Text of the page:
Predictions of a \(\gamma\)model for varying discounts \(\gamma\). The rightmost column shows Monte Carlo estimates of the discounted occupancy corresponding to \(\gamma=0.95\) for reference. The conditioning state is denoted by \(\circ\).
In the spirit of infinitehorizon modelfree control, we refer to this formulation as infinitehorizon prediction and the corresponding model as a \(\gamma\)model. Because the bootstrapped maximum likelihood objective circumvents the need for reward vectors the size of the state space, \(\gamma\)model training is suitable for continuous spaces while retaining an interpretation as a generative model. In our paper we show how to instantiate \(\gamma\)models as both normalizing flows and generative adversarial networks.
Generalizing modelbased control with \(\boldsymbol{\gamma}\)models
Replacing singlestep dynamics models with \(\gamma\)models leads to generalizations of some of the staples of modelbased control:
Rollouts: \(\gamma\)models divorce timestep from model step. As opposed to incrementing one timestep into the future with every prediction, \(\gamma\)model rollout steps have a negative binomial distribution over time. It is possible to reweight these \(\gamma\)model steps to simulate the predictions of a model trained with higher discount.
Whereas conventional dynamics models predict a single step into the future, \(\gamma\)model rollout steps have a negative binomial distribution over time. The first step of a \(\gamma\)model has a geometric distribution from the special case of \(~\text{NegBinom}(1, p) = \text{Geom}(1p)\).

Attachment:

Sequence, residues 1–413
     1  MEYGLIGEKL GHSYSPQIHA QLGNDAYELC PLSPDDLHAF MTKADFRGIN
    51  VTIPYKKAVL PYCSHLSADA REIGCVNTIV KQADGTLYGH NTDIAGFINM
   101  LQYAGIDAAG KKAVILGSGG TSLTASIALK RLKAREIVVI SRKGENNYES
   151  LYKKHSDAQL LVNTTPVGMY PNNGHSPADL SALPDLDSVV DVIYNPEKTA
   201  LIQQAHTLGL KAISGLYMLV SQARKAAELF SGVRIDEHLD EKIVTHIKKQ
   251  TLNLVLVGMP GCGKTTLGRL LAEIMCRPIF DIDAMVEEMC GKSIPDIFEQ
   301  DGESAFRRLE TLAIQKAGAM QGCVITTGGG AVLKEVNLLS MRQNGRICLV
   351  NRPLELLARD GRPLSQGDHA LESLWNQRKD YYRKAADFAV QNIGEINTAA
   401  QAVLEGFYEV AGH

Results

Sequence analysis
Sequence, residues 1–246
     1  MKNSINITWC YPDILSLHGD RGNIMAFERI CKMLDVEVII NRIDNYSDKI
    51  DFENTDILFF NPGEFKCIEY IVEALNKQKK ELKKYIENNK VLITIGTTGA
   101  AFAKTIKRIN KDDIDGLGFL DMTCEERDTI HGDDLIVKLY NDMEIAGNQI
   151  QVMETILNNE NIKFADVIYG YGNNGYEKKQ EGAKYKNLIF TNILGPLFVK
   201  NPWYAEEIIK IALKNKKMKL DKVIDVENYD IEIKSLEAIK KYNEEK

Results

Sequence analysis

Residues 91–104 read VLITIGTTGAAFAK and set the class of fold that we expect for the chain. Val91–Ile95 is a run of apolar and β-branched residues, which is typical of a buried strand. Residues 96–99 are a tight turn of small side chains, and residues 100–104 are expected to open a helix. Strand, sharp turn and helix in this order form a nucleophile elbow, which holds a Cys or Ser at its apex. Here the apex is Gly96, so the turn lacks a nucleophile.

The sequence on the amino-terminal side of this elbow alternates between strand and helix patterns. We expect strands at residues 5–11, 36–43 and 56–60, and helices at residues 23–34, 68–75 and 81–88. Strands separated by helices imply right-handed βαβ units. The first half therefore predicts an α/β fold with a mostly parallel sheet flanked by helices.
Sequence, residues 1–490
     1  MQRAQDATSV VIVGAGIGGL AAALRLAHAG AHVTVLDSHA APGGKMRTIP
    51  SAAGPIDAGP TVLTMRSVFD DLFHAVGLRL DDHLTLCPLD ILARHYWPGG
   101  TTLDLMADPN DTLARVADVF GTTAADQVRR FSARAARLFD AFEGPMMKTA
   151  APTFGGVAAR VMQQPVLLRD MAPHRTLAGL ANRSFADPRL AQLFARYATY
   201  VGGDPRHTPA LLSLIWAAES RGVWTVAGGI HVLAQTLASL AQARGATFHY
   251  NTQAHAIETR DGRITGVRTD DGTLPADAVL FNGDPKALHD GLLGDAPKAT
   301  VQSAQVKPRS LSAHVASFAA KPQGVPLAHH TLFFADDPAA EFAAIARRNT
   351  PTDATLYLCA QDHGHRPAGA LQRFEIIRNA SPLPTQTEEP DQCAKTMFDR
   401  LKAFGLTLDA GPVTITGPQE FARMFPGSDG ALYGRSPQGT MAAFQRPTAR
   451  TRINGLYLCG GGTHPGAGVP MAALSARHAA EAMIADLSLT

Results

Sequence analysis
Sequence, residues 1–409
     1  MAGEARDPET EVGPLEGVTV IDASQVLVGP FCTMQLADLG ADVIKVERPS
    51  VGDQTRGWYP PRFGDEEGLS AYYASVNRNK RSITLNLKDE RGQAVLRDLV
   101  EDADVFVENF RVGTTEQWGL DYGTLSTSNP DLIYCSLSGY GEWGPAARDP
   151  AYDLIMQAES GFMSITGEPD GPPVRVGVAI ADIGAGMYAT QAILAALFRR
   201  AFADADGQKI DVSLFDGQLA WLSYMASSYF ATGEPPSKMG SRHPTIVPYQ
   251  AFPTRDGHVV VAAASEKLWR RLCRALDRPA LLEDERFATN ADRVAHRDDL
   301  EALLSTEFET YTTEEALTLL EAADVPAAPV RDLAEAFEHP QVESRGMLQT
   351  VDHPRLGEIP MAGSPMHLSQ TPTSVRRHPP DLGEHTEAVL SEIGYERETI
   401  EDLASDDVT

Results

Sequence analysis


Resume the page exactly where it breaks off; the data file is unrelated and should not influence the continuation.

Value estimation: Singlestep models estimate values using long modelbased rollouts, often between tens and hundreds of steps long. In contrast, values are expectations over a single feedforward pass of a \(\gamma\)model. This is similar to a decomposition of value as an inner product, as seen in successor features and deep SR. In tabular spaces with indicator rewards, the inner product and expectation are the same!
Because values are expectations of reward over a single step of a \(\gamma\)model, we can perform value estimation without sequential modelbased rollouts.
Terminal value functions: To account for truncation error in singlestep modelbased rollouts, it is common to augment the rollout with a terminal value function. This strategy, sometimes referred to as modelbased value expansion (MVE), has an abrupt handoff between the modelbased rollout and the modelfree value function. We can derive an analogous strategy with a \(\gamma\)model, called \(\gamma\)MVE, that features a gradual transition between modelbased and modelfree value estimation. This value estimation strategy can be incorporated into a modelbased reinforcement learning algorithm for improved sampleefficiency.
\(\gamma\)MVE features a gradual transition between modelbased and modelfree value estimation.
This post is based on the following paper:
 \(\gamma\)Models: Generative Temporal Difference Learning for InfiniteHorizon Prediction
Michael Janner, Igor Mordatch, and Sergey Levine
Neural Information Processing Systems (NeurIPS), 2020.
Opensource code (runs in your browser!)

The \(e\) subscript in \(\mathbf{s}_e\) is short for “exit”, which comes from an interpretation of the discounted occupancy as the exit state in a modified MDP in which there is a constant \(1\gamma\) probability of termination at each timestep.↩

Because the discounted occupancy plays such a central role in reinforcement learning, its approximation by Bellman equations has been a focus in multiple lines of research. For example, option models and \(\beta\)models describe generalizations of this idea that allow for statedependent termination conditions and arbitrary timestep mixtures.↩

If this particular maze looks familiar, you might have seen it in Tolman’s Cognitive Maps in Rats and Men. (Our web version has been stretched slightly horizontally.)↩
References